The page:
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Discovery at the Dental Office

I have been going for my dental work to a local dentist named Dr. Ron O’Neal for years. Although his dental office, All Family Dental, does not take my Humana Health insurance, because I trust him, I have depended on him for dental work which has been frequent because of the malformation of my gums and permanent teeth. When I have had big dental bills rather than routine maintenance, I have pressed the office to accept my Discover card. However, they insisted that they took only Master Card and VISA, two cards which I have but don’t use especially for larger bills because Discover card gives me a rebate on everything I charge. With another large dental bill coming due, I wrote Dr. O’Neal and his office secretary a persuasive letter asking them to research the possibility of accepting Discover card. I am happy to report that my arm twist worked, and they will always remember me as the Discover card pusher.

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My Tomato Crop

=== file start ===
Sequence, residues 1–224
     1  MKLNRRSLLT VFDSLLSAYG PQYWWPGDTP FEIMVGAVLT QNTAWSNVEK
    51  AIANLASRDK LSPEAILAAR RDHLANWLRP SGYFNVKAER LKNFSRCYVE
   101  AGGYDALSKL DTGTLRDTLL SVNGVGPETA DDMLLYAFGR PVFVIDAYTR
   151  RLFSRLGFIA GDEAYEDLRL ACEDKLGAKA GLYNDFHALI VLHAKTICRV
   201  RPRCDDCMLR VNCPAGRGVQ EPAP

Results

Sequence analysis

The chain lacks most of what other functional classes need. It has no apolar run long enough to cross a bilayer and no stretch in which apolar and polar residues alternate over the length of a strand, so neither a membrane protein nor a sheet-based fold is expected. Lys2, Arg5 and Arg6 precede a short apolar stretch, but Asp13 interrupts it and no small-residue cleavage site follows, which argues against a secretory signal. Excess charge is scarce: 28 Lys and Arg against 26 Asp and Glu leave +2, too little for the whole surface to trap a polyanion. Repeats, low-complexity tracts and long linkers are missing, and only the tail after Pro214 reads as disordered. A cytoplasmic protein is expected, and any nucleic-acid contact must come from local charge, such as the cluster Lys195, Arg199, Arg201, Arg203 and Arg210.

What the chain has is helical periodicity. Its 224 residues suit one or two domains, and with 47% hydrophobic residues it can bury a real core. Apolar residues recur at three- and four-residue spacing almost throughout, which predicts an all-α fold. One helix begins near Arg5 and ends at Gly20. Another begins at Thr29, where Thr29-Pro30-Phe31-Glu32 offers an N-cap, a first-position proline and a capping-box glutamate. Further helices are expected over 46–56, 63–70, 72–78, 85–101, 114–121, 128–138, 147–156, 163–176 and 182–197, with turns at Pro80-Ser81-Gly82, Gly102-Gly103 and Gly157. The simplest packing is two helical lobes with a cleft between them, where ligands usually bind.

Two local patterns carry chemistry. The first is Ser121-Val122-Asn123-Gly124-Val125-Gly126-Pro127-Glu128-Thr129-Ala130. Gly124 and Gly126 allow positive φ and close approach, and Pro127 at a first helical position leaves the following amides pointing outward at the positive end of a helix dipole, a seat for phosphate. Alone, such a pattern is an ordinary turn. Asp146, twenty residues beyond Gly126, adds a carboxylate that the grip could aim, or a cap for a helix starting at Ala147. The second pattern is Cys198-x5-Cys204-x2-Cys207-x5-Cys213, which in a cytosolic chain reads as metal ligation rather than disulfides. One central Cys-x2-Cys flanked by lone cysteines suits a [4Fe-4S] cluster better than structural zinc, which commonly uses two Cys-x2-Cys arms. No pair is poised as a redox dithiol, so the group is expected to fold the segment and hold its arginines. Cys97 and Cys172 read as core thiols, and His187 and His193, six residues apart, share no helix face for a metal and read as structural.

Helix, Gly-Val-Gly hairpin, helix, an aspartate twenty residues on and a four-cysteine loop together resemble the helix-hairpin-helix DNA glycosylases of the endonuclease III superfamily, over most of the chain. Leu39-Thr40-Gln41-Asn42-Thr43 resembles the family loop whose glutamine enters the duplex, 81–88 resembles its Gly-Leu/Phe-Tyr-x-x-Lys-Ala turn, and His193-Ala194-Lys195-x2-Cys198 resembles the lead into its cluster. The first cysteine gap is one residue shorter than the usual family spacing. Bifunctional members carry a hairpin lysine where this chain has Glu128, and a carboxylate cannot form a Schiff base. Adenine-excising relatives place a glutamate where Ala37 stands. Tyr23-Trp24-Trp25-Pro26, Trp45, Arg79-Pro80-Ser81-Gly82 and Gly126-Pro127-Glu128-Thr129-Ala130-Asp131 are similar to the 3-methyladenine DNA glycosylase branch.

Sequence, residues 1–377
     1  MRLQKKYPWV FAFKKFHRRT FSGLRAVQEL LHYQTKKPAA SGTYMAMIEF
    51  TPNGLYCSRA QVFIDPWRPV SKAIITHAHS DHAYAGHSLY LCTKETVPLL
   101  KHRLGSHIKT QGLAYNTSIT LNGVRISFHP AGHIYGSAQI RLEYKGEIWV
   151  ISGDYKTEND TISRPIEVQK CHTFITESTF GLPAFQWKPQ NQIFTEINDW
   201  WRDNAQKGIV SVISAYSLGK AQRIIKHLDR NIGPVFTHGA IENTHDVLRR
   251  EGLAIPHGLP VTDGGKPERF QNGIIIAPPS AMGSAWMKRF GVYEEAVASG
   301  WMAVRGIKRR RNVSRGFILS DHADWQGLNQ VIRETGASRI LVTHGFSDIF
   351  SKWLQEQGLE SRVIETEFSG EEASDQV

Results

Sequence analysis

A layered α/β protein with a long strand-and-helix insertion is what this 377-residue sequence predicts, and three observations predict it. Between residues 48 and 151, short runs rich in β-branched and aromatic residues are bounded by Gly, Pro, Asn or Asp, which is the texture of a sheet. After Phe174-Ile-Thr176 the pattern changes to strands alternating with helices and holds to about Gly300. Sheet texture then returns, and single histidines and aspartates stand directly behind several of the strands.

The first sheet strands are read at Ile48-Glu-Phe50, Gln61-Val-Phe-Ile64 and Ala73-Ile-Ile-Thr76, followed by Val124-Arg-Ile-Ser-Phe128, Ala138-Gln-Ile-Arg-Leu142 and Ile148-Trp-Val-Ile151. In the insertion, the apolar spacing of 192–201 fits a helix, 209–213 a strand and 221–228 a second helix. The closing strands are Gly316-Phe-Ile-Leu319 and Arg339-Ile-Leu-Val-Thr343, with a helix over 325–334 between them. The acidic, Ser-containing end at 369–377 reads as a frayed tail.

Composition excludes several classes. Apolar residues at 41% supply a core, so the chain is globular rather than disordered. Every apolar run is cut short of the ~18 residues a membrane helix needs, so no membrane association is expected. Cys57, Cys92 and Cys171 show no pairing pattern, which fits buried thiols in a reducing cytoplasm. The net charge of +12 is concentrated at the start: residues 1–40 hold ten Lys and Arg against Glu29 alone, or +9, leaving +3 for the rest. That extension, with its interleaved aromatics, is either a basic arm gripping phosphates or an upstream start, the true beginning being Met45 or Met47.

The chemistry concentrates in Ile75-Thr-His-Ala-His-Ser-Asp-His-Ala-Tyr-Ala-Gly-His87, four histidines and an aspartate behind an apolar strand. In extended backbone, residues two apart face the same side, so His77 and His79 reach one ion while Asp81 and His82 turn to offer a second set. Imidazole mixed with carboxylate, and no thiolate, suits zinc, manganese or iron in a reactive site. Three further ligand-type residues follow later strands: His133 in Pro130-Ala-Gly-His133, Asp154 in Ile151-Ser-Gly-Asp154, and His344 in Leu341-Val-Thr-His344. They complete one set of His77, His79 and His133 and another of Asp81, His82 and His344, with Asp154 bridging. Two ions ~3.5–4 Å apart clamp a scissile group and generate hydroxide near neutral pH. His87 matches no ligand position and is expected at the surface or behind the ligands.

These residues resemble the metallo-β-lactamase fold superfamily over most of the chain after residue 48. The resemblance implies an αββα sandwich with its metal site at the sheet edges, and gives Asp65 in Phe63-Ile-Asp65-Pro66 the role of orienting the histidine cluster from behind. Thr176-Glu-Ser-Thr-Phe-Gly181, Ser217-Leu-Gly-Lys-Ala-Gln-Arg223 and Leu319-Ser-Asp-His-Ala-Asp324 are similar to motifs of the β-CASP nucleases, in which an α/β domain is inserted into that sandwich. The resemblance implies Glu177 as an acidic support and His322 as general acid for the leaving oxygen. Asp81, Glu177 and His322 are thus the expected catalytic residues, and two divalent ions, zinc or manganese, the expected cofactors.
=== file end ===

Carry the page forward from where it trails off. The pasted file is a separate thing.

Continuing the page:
During the recent “cold-down” here in west central Florida, I feared only for my one tomato plant which is loaded with Better Boy tomatoes. My custom is to check it every day, spray for insects, and feed it regularly. When the weather people began to forecast lows in the upper 30’s, I became concerned about my plant. The first morning after a low of 37.1 degrees, the plant took a turn for the worse–drooping and sagging. I hastily fed it water and watched it only slowly regain some strength. That night I checked it before I went to bed, and it appeared to be at death’s door. When friends suggested I cover it, I resisted as it is too tall to cover and covering incorrectly can be a death knell. The next morning when I checked on Thom’s tomato, it looked as though it had had a shot of adrenalin. It looked perky. It looked as though it would survive. Now I can understand how farmers must feel when they realize that they have come through a weather-danger period and their crops have survived. It sounds a bit trivial, but I’m excited that my crop (singular) survived.